• That’s a great idea, Susanna. A friend of mine recommended a software that acts like that in a way and I was hesitant. But I’d rather use the kind of notebook you are suggesting. If you write with a fountain pen, yes the quality of paper has to be great. I will look for these notebooks. Are they available in typical stores such as Office Depot or even drugstores? I’m interested.

  11. That’s a great looking notebook! Mine are usually the boring kind with no pretty cover 😦 I tend to only write lists and the like in mine though which doesn’t really justify a nice notebook. But, if I did creative writing in mine, I would definitely have to up my game and get nicer looking notebooks.

    • I have some that look more ordinary too. And I LOVE making lists as well. This particular one is really cool looking. Almost too cool to use it. Thank you for your visit, Ellen.

  12. One can never have too many notepads, Evelyn. I use them often, but mostly for lists and reminders. I love your husband’s gift to you, it’s very unique and I hope it is giving you great inspiration for your fiction piece. Thanks for sharing your cherished object.

    MaryJ
    CBF Cohost

  13. I can so relate to your cherished object. I am sitting next to the pile of possibilities in a stack of notebooks. Mine are mostly sketching, then one brand I prefer for writing only… Thanks for playing with us, Kate, Co-Host, #CBF16

    • It was a challenge that talks to anyone since each of us cherishes something. Since it was ‘object’ I stayed away from less materialistic cherished ‘things.’ I was amazed to see the number of people who still love notebooks, diaries, journals and books too. Paper matters to us, human beings. Thanks for hosting this challenge, Kate.

  14. Your notebook is beautiful. I have a collection of notebooks myself, some are gifts and others just sort of appeared in my life. One should never be without a handy notebook, inspiration can strike at any time 😉 Thanks for sharing.

  15. Totally agree with you. Whenever I’m without a notebook or a notepad (when I take a quick walk in my neighborhood) and an idea shoots to my mind, I realize how stupid I was to leave them behind. I rush home to jot it down. Our minds can remember a lot but sometimes a twist in the plot of a story can appear and disappear as quickly if we don’t write it down right away. Thank you for stopping by.

  16. dconnollyislandgmailcom says:

    Hi, Evelyne – Your post has given me a new appreciation of notebooks and notepads. I just finished a three-week bag packing trip in Europe (including 10-days on the Camino trail). Without my computer or iPad with me, and with minimal WiFi, I worked on my blog posts with pen and paper. This had become a lost art for me (as I have done ALL of my writing via technology for quite some time now). After my recent experiences, I now plan to put more effort in reconnecting with paper and pen! Thanks for sharing this.
    Donna

    • Now you make me curious about the Camino Trail, Donna. I assume it’s in Spain since we have our El Camino in California, based on the route that follows the creation of the missions across the state. I can see how using noteboks was helpful when you traveled. I have filled many notebooks along my several cross country trips in the USA. Thank you for stopping by and for taking the time to comment. Best to you as your travel the world.

  17. That’s a gorgeous notebook from Maine. Besides diaries, I have heaps of notebooks as well. For budget reasons, these are the most simplest things, but they bring me joy. I agree with you: a writer should always carry a pen and notebook with him/her. Inspiration can hit any time! (Mine, unfortunately, prefers to hit at night, when I am lazily bound to bed, without a notebook.) Good luck with your fiction project.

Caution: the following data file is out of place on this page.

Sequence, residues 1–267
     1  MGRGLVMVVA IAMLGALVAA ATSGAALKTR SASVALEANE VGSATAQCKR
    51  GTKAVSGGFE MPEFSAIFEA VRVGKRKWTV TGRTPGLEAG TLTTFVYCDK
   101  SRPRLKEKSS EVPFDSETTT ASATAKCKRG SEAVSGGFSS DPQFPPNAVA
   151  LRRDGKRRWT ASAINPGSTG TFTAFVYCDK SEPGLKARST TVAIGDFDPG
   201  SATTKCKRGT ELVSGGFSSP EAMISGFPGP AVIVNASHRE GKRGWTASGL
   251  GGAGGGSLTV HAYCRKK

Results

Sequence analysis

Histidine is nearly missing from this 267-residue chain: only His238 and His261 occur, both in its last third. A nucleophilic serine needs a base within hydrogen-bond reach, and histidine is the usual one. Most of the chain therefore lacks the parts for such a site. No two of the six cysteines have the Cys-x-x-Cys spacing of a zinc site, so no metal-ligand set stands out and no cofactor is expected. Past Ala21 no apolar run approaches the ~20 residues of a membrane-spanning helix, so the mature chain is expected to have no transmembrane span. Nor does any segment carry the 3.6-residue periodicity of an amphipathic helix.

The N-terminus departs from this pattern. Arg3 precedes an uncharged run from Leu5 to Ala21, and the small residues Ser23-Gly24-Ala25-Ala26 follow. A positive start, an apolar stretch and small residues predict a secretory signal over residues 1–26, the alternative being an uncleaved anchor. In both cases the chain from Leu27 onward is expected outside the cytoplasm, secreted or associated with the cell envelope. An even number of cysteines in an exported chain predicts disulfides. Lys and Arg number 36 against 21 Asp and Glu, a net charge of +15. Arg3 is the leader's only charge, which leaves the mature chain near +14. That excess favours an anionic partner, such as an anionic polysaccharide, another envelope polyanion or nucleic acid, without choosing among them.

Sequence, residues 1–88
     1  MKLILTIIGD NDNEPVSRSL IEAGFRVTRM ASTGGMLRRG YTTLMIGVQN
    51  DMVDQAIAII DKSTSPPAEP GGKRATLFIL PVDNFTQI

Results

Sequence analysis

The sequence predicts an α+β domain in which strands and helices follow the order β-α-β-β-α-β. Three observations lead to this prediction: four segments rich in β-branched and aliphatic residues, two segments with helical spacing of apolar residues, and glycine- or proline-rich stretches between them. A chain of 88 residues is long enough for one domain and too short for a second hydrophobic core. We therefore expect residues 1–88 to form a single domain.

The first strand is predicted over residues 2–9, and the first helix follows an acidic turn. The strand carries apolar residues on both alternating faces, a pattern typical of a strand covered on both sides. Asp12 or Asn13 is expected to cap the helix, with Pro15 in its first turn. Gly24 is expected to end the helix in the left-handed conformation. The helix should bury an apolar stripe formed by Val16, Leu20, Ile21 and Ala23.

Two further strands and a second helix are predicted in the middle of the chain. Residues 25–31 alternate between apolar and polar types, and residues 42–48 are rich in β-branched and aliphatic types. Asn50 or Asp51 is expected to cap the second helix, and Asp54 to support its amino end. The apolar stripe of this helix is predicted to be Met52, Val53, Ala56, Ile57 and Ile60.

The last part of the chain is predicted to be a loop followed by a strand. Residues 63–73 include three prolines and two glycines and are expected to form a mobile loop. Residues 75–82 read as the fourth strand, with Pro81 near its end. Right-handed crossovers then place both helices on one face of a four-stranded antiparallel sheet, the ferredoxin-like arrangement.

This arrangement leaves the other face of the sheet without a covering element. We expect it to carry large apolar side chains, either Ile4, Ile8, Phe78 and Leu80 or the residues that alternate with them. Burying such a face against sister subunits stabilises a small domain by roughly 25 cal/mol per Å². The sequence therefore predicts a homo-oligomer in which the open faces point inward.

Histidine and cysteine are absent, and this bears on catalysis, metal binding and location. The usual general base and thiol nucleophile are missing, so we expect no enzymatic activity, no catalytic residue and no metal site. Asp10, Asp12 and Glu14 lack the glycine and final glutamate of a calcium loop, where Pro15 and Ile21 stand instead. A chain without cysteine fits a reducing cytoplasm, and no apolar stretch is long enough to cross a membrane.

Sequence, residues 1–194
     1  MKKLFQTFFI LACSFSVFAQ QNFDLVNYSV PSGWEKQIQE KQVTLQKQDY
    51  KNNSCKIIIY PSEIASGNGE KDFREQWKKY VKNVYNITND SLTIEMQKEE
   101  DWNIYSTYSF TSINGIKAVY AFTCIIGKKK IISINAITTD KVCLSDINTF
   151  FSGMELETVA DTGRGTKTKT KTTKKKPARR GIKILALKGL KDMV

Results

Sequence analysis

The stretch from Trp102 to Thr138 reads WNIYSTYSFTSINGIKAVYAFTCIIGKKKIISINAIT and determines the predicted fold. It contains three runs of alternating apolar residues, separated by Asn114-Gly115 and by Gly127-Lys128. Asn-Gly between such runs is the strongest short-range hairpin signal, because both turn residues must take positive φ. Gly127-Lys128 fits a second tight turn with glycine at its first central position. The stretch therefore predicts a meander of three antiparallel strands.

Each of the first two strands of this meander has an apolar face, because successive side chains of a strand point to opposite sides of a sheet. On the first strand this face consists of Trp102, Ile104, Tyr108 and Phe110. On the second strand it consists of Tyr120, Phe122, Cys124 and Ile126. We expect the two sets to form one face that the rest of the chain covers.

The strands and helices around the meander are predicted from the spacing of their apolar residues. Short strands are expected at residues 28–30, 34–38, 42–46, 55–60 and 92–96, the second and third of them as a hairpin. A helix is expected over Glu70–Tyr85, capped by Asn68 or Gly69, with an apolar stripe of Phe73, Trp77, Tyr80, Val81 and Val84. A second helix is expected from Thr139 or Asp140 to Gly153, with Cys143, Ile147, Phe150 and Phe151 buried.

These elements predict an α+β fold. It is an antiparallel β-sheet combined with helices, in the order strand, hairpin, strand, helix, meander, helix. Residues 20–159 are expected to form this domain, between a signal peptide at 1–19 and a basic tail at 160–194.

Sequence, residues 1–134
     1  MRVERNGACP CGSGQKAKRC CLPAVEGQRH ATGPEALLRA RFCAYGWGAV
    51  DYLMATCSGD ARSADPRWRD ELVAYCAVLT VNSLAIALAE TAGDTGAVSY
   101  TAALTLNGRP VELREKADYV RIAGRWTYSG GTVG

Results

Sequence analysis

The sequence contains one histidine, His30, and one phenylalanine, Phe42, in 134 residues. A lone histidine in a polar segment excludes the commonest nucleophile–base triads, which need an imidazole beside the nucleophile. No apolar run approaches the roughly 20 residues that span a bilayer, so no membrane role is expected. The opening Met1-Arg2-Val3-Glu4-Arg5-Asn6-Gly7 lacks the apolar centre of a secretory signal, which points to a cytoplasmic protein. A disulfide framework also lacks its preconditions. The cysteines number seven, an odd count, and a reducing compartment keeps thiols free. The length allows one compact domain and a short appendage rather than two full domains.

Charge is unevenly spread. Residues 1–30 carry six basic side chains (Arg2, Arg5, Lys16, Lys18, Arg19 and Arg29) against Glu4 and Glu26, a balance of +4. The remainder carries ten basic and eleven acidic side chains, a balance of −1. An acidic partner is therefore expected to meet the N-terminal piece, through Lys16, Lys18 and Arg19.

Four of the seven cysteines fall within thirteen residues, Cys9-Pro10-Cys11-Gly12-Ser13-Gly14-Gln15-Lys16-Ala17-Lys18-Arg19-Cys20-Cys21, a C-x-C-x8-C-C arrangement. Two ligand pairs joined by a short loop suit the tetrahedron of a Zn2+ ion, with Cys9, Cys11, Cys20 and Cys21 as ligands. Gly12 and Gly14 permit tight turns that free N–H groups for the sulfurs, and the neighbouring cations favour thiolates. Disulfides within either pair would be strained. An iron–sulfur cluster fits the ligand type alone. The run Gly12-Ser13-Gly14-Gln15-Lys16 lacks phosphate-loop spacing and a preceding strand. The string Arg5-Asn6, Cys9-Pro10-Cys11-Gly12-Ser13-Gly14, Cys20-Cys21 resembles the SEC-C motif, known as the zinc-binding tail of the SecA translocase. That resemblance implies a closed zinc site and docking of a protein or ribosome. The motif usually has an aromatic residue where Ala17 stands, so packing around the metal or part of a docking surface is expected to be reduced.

Liesbet @ Roaming About

    • Thanks, Liesbet. I kept a diary from my childhood until I left France. After that I was too busy with my family and started to write fiction. But I also started to use more notebooks to write down ideas or words I discovered since I learned most of my English in the USA.
      I like to keep one on my nightstand because I always read in bed and whenever I love a book I like to remember why, so I also keep a reading log. I’m a little crazy about these notepads and notebooks. Especially because my family has moved a lot, it takes two additional boxes to pack my stuff. But. Thanks for your good wishes for my next story. I know what I’d like to achieve. I am currently searching for the way to tell the story. Best to you.

  18. You make the notebook sound so deliciously tempting! Would love to leaf through and feel the texture 🙂

  19. The paper is very thick and I like that since it’s sturdy enough to write on it, even being in a car for example. The series this woman has created is quite cool. Thank you for your kind visit.

  20. You latest notebook looks awesome! And yes, I too get the fascination with notebook/ journals and I have one with me wherever I go 🙂

  21. Behind the Story says:

    I remember the pleasure of choosing stationery when I was a kid. I’m still attracted to boxes of beautiful note cards. I have more on the shelf than I will ever use. My favorite notebooks, however are regular old spiral notebooks and legal pads. I have some beautiful notebooks, but I allow their beauty to put too much pressure on me to write something good. So I don’t use them.

    • I’m with you for the cards. And until recently I also kept some notebooks on a shelf, just to admire them. But in the end I decided to go ahead and write in this one. Stationary stores remain with bookstores my favorite shops to visit. See you around, Nicki.

  22. I’m a notebook person, too. Unfortunately, I keep finding new ones and never seem to finish the previous ones. I have just started bullet journaling. Have you heard of it?

    Congratulations on your upcoming piece in Highlights %. I’ll look forward to reading it.